The Dahlak Archipelago are a string of islands about 645 miles long, located 12–18° north, in the Red Sea. The closest islands are not far from Massawa, from where they are accessed. The temperature of the islands range from as low as 25°C between November and April to as high as 45°C between June and September.
The islands of the Dahlak Archipelago are known for their intact coral reefs, particularly the Outer Islands, which were formed from fossilised coral that uplifted due to seismic activity during the Late Pleistocene. Marine life in the area is outstanding. During the 1960s, when the large reefs of the world became inundated with snorkelers and scuba divers, due to geographic location and previous political instability in this area of the Red Sea, the Dahlak Archipelago to this day remains largely unspoilt.
It has been hypothesised that because the temperatures of the water in the Red Sea have always been higher than those of, say, the Great Barrier Reef, the algae that lives within the corals here have adapted to be more resistant to increases in sea temperature. This means that whilst the reefs here aren’t completely immune to bleaching, they have undergone a much smaller of that of other major reefs leaving them largely intact.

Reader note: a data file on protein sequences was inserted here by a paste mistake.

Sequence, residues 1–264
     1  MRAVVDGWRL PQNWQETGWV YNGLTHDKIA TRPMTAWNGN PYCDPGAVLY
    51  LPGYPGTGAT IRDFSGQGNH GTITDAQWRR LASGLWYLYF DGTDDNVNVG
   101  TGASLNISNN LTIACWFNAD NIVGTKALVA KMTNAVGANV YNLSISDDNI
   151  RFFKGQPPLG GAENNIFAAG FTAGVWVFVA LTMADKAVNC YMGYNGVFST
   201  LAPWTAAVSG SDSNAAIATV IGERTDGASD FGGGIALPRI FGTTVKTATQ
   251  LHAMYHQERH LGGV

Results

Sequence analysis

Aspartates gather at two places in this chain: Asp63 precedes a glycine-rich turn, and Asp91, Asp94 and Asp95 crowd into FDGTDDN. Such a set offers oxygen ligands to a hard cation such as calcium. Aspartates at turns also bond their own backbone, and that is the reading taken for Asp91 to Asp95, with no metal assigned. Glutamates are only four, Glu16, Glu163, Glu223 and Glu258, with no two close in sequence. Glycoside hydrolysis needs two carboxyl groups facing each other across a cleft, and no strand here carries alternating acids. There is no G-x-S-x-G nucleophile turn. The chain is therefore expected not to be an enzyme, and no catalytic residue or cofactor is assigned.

Given that the Red Sea has included times of geographic isolation from larger bodies of ocean, there is a high incidence of endemism, with about 6% of corals and 17% of fish being endemic. The species of birds is numbered at 109. The areas around the archipelago are home to the endangered dugong and dolphins are relatively common to come by. Dahlak Kebir, the largest island is also home to a stunted form of Soemmerring’s gazelle.
Sleeping options on the island are limited to mobile camping in dome tents, due to the remoteness of the island.